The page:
'For the purpose of sustaining the claim for rehabilitation there must be evidence to show the age of the machinery, the period during which it requires the replacement, the cost of replacement, the amount standing in the depreciations and reserve fund and to what extent the funds at the disposal of the company would meet the cost of replacement. In Trichinopoly Mills, Ltd. Ramjeenagar v. National Cotton Mills Workers' Union, Ram-jeenagar, 1953 Lab. A C 672 (LATI) the appellate tribunal has observed that for determining the total amount required for rehabilitation it is the original cost that has to he multiplied by an appropriate multiple, for instance 2.7, for the purpose of ascertaining the replacement value of the machinery, buildings and plant. From the amount thus obtained 5 per cent, of the original value is to he deducted as breakdown value.
The balance is treated as sufficient to complete replacement of machinery and buildings. Then the amounts in hand under the head of depreciation, general reserve and rehabilitation have to be totalled and this total has to be deducted from the aforesaid balance which is required to complete replacement of machinery and buildings. It is the balance thus drawn that has to be spread over a number of years, as for instance 15, for the purpose of rehabilitation; in other words, the balance has to be divided by 15 and the amount thus determined has to he treated as prior charge under the heading of rehabilitation for the relevant year ..... Thus the appellant's claim for rehabilitation would have to be tried by the tribunal in the light of these decisions.' The Counsel for the writ petitioner has argued that the Tribunal while correctly enumerating the several heads of deductions in order to ascertain the surplus has not appreciated the principles, on which deduction for depreciation and reserves for rehabilitation are to be determined. I think there is force in this argument; for there is nothing in the award to show on what principle the deductions on account of depreciation have been allowed.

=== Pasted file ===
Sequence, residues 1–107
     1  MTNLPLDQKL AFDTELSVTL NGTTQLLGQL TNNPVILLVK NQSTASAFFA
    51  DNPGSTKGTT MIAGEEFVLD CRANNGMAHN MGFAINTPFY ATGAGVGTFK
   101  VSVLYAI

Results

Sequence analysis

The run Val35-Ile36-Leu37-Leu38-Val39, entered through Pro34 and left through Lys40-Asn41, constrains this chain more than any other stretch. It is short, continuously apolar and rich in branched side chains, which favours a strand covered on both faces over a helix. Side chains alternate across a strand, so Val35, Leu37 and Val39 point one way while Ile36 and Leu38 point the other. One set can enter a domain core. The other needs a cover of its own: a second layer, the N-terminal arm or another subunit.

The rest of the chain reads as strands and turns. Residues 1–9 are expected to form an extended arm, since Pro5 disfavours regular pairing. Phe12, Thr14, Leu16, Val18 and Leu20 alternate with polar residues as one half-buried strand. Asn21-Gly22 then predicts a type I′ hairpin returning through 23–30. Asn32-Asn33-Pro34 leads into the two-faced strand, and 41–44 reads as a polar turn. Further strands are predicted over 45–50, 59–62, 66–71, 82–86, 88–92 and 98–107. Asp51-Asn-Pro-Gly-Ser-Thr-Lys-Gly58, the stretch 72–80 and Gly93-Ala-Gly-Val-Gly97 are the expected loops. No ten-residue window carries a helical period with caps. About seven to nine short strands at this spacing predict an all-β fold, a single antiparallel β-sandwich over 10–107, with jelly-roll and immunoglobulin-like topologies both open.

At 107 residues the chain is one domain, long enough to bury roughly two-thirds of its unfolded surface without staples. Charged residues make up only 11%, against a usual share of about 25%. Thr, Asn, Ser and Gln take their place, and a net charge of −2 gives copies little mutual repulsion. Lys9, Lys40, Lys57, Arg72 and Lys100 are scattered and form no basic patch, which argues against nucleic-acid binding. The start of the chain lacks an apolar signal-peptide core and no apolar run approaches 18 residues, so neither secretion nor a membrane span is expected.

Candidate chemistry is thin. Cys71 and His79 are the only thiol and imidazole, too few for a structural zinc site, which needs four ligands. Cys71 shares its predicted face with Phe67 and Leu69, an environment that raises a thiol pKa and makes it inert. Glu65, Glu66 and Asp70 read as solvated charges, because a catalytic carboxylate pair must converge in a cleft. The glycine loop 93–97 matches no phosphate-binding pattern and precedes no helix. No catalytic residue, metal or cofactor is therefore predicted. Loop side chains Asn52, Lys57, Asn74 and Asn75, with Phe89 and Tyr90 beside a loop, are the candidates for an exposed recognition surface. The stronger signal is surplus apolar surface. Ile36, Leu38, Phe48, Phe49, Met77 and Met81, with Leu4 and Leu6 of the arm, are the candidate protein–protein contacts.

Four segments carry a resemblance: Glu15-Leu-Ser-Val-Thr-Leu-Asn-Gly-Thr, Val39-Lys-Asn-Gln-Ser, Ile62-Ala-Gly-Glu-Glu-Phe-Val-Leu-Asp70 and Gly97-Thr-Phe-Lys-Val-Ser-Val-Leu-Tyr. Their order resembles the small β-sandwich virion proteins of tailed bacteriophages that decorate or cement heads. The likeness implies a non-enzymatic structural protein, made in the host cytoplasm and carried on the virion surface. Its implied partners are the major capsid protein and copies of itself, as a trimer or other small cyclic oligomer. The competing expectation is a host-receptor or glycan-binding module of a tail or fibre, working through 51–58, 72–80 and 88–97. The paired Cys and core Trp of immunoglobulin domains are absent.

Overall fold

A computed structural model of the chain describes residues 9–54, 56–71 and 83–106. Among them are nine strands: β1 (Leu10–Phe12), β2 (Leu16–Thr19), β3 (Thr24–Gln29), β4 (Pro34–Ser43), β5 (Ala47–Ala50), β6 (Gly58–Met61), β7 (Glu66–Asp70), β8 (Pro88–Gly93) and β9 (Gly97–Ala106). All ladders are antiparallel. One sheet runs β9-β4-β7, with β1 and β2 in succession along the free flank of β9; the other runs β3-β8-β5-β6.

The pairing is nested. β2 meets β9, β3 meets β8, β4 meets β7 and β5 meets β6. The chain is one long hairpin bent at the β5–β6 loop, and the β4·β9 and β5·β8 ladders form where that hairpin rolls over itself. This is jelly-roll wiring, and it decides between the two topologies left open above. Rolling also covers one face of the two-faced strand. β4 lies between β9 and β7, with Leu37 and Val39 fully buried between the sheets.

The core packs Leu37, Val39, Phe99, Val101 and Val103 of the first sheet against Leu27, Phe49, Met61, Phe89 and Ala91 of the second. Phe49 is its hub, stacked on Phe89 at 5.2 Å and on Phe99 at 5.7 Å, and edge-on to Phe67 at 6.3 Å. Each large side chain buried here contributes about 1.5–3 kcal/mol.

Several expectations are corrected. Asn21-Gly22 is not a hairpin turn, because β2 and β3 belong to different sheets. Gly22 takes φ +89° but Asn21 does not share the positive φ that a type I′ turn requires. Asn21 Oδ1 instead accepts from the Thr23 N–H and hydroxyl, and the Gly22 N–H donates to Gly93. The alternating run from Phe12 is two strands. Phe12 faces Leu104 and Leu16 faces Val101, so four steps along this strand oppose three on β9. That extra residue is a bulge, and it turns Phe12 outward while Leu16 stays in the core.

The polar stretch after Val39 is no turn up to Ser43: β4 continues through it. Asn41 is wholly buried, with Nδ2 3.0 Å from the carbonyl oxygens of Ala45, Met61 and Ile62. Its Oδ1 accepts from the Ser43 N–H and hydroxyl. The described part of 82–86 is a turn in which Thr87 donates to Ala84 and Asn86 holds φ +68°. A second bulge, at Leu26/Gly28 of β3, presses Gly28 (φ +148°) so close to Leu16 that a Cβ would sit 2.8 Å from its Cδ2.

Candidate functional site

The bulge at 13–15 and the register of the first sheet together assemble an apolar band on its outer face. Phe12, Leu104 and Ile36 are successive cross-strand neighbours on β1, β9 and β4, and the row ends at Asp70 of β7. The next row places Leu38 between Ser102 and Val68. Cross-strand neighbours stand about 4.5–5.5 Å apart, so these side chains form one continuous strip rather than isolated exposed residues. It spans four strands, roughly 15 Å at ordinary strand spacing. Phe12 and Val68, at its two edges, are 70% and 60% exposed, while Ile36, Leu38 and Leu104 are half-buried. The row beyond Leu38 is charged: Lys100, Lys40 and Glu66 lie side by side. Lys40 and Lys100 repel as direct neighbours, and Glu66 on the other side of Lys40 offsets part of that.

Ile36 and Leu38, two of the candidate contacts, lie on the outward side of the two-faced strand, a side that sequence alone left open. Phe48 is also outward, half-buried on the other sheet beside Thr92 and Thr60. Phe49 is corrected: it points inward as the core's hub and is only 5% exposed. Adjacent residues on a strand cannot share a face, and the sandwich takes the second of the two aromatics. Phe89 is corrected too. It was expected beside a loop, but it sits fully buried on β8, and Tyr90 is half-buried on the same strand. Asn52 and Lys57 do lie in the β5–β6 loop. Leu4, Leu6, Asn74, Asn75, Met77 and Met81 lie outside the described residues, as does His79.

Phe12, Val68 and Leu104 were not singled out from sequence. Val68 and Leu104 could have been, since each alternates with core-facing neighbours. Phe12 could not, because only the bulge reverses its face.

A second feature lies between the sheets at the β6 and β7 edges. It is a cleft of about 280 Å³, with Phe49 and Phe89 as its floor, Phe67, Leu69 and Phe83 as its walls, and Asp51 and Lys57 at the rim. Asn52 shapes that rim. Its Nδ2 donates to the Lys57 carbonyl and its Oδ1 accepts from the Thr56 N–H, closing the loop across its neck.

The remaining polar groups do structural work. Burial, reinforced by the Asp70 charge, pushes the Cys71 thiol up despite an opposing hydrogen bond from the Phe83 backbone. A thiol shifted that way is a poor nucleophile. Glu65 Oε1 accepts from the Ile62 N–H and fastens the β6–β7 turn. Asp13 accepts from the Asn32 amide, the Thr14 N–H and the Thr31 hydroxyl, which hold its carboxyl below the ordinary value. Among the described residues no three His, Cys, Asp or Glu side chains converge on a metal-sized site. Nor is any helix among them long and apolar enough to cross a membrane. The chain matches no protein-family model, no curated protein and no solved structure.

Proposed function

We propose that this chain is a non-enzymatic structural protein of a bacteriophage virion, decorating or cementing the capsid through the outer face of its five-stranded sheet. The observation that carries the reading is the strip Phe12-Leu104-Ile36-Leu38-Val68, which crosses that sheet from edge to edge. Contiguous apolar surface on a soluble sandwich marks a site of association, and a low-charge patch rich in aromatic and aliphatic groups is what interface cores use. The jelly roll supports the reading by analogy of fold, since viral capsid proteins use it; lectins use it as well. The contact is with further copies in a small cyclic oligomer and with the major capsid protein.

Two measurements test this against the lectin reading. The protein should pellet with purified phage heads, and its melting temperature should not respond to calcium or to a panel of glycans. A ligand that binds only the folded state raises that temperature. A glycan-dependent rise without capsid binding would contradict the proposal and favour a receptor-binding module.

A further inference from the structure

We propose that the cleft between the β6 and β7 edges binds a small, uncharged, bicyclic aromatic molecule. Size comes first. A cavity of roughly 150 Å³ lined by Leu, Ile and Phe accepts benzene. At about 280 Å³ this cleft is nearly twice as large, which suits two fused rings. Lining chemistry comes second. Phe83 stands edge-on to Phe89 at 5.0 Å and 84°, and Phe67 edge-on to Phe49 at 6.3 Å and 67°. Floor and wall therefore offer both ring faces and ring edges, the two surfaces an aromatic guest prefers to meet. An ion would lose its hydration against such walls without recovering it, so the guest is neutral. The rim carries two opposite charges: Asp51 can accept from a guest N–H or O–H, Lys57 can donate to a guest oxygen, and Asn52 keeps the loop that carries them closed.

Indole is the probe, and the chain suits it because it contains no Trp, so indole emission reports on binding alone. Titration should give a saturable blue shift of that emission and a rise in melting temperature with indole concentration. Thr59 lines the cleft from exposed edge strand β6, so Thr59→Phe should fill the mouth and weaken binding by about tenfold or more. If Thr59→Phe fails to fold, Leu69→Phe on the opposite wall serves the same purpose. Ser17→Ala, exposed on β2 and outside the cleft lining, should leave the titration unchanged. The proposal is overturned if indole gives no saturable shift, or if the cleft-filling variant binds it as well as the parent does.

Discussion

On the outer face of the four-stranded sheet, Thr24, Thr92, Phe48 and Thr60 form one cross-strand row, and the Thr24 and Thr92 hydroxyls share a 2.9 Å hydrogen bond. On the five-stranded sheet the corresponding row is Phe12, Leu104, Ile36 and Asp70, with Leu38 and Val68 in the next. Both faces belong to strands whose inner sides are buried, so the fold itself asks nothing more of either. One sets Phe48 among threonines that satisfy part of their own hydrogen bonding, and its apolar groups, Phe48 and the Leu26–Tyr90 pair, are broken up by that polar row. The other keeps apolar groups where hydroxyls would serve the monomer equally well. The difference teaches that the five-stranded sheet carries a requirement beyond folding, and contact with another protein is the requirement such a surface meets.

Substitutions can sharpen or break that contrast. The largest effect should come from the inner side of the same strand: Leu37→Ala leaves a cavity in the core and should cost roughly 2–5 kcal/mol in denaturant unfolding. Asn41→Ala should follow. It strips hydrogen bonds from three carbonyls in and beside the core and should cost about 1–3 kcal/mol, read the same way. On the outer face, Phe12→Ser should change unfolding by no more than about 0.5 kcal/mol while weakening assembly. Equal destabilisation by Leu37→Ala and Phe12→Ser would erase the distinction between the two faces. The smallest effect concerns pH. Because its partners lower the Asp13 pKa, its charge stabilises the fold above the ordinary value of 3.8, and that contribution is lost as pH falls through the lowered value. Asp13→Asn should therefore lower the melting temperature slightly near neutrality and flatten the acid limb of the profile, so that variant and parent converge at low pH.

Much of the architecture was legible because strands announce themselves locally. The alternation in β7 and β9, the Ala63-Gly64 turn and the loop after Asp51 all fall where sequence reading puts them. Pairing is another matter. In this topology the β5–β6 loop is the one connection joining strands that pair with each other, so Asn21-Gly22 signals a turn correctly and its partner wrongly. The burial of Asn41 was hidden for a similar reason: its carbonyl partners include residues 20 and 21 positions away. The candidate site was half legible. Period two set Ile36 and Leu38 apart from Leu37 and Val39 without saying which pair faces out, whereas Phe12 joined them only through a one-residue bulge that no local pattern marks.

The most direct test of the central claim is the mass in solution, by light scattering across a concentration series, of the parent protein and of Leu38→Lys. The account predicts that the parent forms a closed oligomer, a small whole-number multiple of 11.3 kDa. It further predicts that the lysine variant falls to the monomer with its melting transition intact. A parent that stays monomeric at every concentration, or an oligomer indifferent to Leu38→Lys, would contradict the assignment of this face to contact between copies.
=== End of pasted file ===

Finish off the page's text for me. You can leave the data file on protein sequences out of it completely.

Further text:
Nor is there anything in the award to indicate how the reserves for rehabilitation have been determined. The only oral evidence on record about the deductions in order to ascertain the surplus is the deposition of M. W. 1 and the accountant deposes to have allowed for depreciation according to the Income-tax. Obviously the Tribunal in accepting such depreciation as having been correctly made has committed error of law and that would justify interference; for it is apparent on the face of the record.
The answer to the question is further vitiated by the Tribunal's not ascertaining whether the reserves for rehabilitation, if any, have been arrived at on correct principle. Indeed the witness for the employers claims reimbursement on account of depreciation, but is not clear about how much of it is on account of rehabilitation. This is not keeping in view the principle enunciated by the Supreme Court in : (1958)IILLJ479SC .